Racism in Travel

Racism in Travel

When I first penned a blog post on the racial realizations outlined in this chapter, I was concerned about how it would be received. Writing on race is a sure-fire way to piss off just about everyone, not to mention if I fail to accurately convey the heart of my message in just the right way, I stand a good chance at coming across as a complete asshole. Still, I think it’s worth including here because I think the realizations, fears, and issues that I’ll run through in this chapter are very real and the issues are ones that many of you may also secretly share and be curious about.

There’s a very famous quote, generally attributed to Mark Twain that states, “Travel is fatal to prejudice, bigotry, and narrow-mindedness, and many of our people need it sorely on these accounts. Broad, wholesome, charitable views of men and things cannot be acquired by vegetating in one little corner of the earth all one’s lifetime.”

Travel long enough and you’ll run into this quote, often in abbreviated form, found plastered across guide blogs, blogs, and articles dedicated to travel.

Racism in Travel Photo Gallery

It embodies the beauty of travel. It also conveys some of the power of travel.

As a veteran traveler, a lot of my prejudices and biases were eroded away a long time ago. I was lucky enough to grow up in a household that focused heavily on education while striving to teach a message of respect, inclusion, and evaluation based on individual merits not race or ethnic origin.

Still, as I prepared for my first visit to Sub-Saharan Africa a continent I had never before set foot upon or, to be candid, had a strong desire to visit I was nervous and forced to admit privately, if not publicly, that I was unsure of what to expect.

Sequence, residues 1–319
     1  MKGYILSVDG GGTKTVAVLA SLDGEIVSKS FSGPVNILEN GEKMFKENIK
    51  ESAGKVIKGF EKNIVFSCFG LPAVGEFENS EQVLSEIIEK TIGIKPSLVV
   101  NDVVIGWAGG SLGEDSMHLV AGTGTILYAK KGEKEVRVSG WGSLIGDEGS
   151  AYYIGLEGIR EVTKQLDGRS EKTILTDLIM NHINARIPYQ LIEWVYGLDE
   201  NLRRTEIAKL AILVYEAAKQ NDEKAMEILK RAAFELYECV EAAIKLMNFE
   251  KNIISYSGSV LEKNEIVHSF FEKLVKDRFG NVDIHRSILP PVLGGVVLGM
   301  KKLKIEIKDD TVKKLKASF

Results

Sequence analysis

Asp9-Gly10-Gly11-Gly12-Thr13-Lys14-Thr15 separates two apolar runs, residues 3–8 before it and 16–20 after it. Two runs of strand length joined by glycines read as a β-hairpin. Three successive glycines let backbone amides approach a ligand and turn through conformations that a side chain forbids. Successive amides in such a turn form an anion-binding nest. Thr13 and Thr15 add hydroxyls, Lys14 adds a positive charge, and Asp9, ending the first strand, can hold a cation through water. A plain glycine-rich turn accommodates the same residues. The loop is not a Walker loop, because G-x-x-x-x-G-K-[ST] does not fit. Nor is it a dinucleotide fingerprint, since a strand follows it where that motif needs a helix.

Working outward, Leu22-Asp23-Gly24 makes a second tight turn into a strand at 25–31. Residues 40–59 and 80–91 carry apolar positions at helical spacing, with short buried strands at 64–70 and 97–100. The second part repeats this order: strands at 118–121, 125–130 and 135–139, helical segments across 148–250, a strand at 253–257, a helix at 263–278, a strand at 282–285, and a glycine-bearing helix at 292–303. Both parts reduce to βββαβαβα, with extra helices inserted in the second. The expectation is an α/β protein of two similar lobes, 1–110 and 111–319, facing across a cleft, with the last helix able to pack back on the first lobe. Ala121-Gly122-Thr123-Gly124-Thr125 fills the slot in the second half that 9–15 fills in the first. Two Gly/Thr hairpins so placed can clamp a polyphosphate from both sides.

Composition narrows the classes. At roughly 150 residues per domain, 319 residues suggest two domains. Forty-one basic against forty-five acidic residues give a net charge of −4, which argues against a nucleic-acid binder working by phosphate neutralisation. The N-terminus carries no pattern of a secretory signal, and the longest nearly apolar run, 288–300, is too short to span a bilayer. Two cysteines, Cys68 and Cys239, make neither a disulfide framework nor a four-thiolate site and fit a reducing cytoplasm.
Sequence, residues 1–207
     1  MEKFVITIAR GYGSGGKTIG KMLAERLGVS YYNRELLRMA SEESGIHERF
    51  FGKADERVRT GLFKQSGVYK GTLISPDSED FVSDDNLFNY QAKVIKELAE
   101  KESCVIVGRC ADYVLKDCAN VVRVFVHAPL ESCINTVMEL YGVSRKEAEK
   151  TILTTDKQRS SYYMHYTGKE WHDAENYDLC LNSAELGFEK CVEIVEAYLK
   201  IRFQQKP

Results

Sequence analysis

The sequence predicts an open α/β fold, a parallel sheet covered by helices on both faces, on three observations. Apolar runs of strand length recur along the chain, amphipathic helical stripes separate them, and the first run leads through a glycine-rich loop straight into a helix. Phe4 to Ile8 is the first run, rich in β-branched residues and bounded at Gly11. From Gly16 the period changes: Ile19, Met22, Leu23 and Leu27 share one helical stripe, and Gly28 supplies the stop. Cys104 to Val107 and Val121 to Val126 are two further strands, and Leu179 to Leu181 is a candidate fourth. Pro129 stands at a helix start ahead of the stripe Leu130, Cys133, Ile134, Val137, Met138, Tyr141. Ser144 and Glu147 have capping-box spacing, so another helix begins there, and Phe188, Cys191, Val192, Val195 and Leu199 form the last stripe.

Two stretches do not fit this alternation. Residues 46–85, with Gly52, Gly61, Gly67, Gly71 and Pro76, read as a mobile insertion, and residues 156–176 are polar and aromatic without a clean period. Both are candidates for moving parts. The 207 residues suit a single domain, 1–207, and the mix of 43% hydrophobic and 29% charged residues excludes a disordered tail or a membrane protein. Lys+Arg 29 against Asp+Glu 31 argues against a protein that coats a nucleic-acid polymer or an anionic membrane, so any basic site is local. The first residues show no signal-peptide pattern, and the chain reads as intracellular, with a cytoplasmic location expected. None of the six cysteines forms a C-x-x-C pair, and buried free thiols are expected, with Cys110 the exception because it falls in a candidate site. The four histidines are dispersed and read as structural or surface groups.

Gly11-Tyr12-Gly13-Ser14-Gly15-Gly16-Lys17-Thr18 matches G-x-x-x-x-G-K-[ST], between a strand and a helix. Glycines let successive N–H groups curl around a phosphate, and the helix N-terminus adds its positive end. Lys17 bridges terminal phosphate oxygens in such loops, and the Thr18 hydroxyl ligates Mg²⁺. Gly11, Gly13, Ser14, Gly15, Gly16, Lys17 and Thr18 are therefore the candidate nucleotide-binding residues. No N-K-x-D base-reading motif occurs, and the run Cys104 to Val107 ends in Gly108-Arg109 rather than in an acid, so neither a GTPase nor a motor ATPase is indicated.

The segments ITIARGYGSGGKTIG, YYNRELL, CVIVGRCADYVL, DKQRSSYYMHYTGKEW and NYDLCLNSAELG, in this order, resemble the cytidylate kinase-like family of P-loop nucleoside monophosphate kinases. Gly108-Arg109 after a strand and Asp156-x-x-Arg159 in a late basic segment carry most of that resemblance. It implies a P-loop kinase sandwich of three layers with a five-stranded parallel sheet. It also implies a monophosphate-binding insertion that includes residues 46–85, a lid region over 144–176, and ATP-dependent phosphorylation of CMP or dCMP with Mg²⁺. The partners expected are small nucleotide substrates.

I had a number of what I knew to be childish fears about simple things…dealing with my lactose intolerance, accepting local’s hospitality, squat toilets, a light case of hypochondria and underneath it all, a decent chunk of racially-oriented anxiety. Current events across Europe and the U.S. right now make it clear that race is as important a subject as ever, so, it’s something that we, as individuals, have to at least seek to better understand.

One note: I refer to Africans in a general sense throughout this section. This is done to keep things brief despite the issues with such usage stemming from the common but erroneous tendency to assume some sort of homogeneous entity or identity throughout Africa. I fully realize that Africa is incredibly diverse and that it is truly massive with vastly different cultural groups populating each nation. For this chapter, I’m largely focusing on Sub-Saharan Africa and more specifically my experiences in Zambia. However, because I think that similarly powerful experiences and realizations can be had across the majority of Africa’s Sub-Saharan countries and because you, as my readers, are more likely to visit a wide range of countries across Africa, I don’t want to limit this chapter explicitly to Zambia, Tanzania, and Botswana where I have traveled.

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